The PHWE experiments have been performed in two consecutive extractions at a temperature ranging from 30 to 120°C and a pressure ranging from 1 atm to 20 atm in batch mode. The experimental set up consists of 1-liter autoclave made of SS 316. This can be operated at a pressure of up to 300 bars and a temperature up to 250°C. A schematic diagram of the experimental set up is shown in Figure 2.
A stirrer is connected with the electrical motor. A controller is also attached to the system for controlling temperature and stirring rate. The autoclave is well insulated. One thermo-couple is immersed inside the autoclave to measure the temperature. Water cooling coils are provided to cool the liquid in the extractor. There is a drain line with a valve at the bottom of the autoclave to collect the extracted liquid. On top of the autoclave, one line with a valve is provided for pressurizing the system with the help of a CO2 gas cylinder and another line is used for purging the gas to maintain the inside pressure at a fixed value and for depressurization. A gas cylinder is used to pressurize the system and a heater is used for preheating the gas coming to the autoclave to maintain the temperature of the gas. A pressure indicator having a range from 0 to 450 bars is attached online to measure the pressure. To obtain a pressure higher than the cylinder pressure, an optional pneumatic pump can be attached on line to raise the system pressure.
Two types of feed are used here namely pretreated with supercritical CO2 and untreated leaves. Continuous stirring at 350 rpm is maintained during one- hour extraction and CO2 is used to pressurize the system. The mixture is filtered by cloth filter with a pore size of 5 μm and residue is again extracted with water at same operating conditions. The filtration set up used for this purpose consists of a vacuum pump, separator and filter hold up vessel. The system can be easily dismantled to take out the cloth filter for cleaning and changing. A vacuum is applied for efficient and quick filtration. The extracted solution is charged in the holdup vessel and the cloth is set tightly in bottom of vessel. After second extraction, mixture is filtered and residues are discarded.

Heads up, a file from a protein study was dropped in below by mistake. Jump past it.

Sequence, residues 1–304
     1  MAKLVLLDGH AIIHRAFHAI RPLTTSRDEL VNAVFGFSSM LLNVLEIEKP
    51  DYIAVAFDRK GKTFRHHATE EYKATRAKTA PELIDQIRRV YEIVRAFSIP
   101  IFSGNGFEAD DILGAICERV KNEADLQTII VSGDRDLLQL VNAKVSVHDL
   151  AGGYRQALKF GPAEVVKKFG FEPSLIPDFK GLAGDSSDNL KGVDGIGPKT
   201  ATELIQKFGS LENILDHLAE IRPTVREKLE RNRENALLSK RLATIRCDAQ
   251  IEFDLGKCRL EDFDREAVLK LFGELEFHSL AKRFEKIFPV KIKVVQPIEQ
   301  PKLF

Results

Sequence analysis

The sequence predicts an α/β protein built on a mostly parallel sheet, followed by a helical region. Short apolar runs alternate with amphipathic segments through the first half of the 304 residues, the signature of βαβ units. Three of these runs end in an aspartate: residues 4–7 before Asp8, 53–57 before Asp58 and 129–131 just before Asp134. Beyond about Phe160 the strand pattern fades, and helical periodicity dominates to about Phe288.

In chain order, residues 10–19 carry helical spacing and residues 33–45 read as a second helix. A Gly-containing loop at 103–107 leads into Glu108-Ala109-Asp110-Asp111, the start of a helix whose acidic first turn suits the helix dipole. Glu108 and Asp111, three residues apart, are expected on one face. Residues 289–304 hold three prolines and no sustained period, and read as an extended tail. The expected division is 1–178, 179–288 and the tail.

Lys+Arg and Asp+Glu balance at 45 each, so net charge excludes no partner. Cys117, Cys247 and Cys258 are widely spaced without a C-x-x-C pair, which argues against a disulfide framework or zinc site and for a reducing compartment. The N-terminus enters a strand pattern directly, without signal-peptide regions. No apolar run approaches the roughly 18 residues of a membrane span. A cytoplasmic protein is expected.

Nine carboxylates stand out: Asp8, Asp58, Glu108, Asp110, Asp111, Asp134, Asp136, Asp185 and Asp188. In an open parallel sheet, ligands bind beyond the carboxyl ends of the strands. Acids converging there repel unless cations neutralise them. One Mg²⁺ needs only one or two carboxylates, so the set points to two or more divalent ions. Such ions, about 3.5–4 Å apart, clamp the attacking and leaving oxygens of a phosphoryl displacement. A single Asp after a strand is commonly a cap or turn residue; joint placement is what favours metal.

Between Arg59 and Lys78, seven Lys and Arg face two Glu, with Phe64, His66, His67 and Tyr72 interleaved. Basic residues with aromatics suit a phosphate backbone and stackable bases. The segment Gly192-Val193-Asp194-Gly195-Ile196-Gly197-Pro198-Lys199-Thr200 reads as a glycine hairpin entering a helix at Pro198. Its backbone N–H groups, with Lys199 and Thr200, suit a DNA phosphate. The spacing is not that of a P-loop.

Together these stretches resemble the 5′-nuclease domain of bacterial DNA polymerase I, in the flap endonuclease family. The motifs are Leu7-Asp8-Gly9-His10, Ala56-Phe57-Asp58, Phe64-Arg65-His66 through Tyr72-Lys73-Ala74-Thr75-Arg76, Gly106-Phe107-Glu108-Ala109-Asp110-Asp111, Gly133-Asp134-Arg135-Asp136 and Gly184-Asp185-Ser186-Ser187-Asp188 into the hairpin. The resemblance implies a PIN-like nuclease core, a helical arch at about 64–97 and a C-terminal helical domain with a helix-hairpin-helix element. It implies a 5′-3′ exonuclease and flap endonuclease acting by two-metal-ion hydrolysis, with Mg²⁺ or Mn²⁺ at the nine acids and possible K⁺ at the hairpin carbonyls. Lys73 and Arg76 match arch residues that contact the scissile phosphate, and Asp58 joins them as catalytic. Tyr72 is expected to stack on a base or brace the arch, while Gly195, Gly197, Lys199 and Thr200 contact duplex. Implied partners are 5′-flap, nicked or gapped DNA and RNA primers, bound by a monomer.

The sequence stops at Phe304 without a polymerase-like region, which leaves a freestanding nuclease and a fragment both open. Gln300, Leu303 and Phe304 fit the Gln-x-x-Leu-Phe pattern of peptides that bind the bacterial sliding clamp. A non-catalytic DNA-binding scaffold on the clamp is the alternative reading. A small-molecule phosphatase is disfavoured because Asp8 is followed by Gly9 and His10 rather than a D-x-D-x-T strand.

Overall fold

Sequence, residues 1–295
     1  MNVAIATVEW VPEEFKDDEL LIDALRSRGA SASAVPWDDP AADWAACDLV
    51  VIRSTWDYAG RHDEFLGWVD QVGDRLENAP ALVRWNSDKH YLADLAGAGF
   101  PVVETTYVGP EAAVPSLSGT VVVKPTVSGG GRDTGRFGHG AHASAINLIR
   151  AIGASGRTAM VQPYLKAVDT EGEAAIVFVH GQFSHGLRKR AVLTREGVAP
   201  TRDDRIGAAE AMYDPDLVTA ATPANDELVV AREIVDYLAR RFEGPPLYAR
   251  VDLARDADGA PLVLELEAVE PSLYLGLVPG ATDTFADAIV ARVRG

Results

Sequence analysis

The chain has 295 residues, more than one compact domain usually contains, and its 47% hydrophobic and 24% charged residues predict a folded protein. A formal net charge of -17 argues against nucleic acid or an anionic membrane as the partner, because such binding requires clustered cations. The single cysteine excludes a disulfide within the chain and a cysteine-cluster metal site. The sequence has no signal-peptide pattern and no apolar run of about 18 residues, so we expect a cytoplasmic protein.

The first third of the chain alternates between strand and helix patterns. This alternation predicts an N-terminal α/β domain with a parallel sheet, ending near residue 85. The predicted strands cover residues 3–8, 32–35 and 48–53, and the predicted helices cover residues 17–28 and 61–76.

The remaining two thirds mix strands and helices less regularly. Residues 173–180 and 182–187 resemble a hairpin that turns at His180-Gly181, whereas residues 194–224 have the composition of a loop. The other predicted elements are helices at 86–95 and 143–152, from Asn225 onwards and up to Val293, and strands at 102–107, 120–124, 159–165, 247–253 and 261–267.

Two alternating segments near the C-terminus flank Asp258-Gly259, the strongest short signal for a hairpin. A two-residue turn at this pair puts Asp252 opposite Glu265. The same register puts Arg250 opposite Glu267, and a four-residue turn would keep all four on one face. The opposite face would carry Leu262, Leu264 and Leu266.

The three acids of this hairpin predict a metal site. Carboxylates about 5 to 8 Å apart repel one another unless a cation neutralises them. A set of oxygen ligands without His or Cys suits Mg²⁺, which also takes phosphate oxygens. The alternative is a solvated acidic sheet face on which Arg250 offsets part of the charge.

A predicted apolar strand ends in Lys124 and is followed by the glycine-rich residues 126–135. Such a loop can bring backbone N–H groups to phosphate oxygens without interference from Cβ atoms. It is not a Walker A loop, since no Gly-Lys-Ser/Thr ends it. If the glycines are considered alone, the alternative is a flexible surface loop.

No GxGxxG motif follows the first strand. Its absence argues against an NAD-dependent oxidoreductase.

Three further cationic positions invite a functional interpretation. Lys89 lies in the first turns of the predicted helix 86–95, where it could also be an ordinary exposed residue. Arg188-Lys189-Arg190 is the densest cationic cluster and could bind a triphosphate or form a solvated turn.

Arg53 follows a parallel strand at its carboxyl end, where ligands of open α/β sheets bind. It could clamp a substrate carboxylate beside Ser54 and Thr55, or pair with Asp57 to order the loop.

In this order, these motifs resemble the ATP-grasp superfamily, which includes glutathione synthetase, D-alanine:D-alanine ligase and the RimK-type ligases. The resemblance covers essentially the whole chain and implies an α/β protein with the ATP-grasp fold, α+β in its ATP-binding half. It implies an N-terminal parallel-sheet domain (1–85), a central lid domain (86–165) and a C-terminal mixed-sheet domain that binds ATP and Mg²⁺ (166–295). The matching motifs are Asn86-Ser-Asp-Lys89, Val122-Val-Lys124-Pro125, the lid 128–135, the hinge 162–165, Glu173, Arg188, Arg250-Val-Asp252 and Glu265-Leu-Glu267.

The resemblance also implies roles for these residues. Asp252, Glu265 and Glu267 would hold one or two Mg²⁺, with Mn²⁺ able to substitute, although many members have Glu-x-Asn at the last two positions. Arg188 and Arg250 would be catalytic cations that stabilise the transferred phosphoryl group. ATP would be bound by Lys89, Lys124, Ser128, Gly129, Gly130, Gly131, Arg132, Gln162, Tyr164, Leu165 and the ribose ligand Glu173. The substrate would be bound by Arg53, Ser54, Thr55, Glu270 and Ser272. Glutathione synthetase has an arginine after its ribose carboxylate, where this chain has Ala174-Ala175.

Characterization by high-performance liquid chromatography (HPLC)
There are many methods like HPLC, TLC, and Colorimetric method to analyze stevioside in the aqueous extract. HPLC method is a very sophisticated method for analysis and the colorimetric method using a UV spectra photometer is used for quick estimation of the active ingredient.
In the present work, purification of the extract from stevia leaves involves different steps like electrocoagulation (EC), supercritical CO2 treatment, etc. Quantification is done after each step by a colorimetric method (phenol-sulfuric acid method) but identification of the desired components needs analysis of HPLC. The HPLC analysis is used also to show that desired components are present in the solution after each step of purification.
The HPLC analysis is followed by the method suggested by Adduci et al. . The instrument consists of HPLC apparatus (waters associates) with a UV detector (waters 2487, dual An absorbance detector) at a wavelength of 210 nm and solvent pump (binary HPLC pump, waters 1525), using a catalytic column (4.6 mm × 15 cm, waters Symmetry® C18.5 μm). Acetonitrile and methanol (80:20 v/v) (Merck, HPLC grade) are used as the mobile phase at a flow rate of 1 ml/min. 20 μl is injected by syringe. The sample is sufficiently diluted to 10-50 ppm for injection in HPLC. Figure 3 given below is obtained from the HPLC analysis of stevia extract powder in aqueous medium after sufficient dilution. The third peak at 3.2 min is noted as corresponding to stevioside.
Quantification by colorimetric method
Quantification of glycosides is done by the colorimetric method followed by a UV measurement as described by Saha AK et al. . The colorimetric method used here is known as the phenol sulfuric acid method. Glycosides amount less than 200 μg/ml present in the sample is suitable for this method. The sample is prepared by diluting (1:100 to 1:500) aqueous extract with distilled water. Then 2 ml of sample is taken in a 25 ml test tube and 2 ml of 5% (wt/wt) phenol is added. Then 10 ml 98% concentrated H2SO4, is added directly into the solution within 3-4 seconds by means of burette. The mixture is then vortexed and allowed to stand for 30 min at room temperature. Readings are taken at 490 nm against a blank solution prepared by distilled water as the sample. A helios alpha UV-V is spectrophotometer model (Thermo electron corporation) is used for the absorbance measurements at 490 nm. A calibration curve is prepared from samples of sucrose of different concentrations ranging from 10 to 50 μg/ml and their absorbance at 490 nm with concentration as plotted in Figure 4.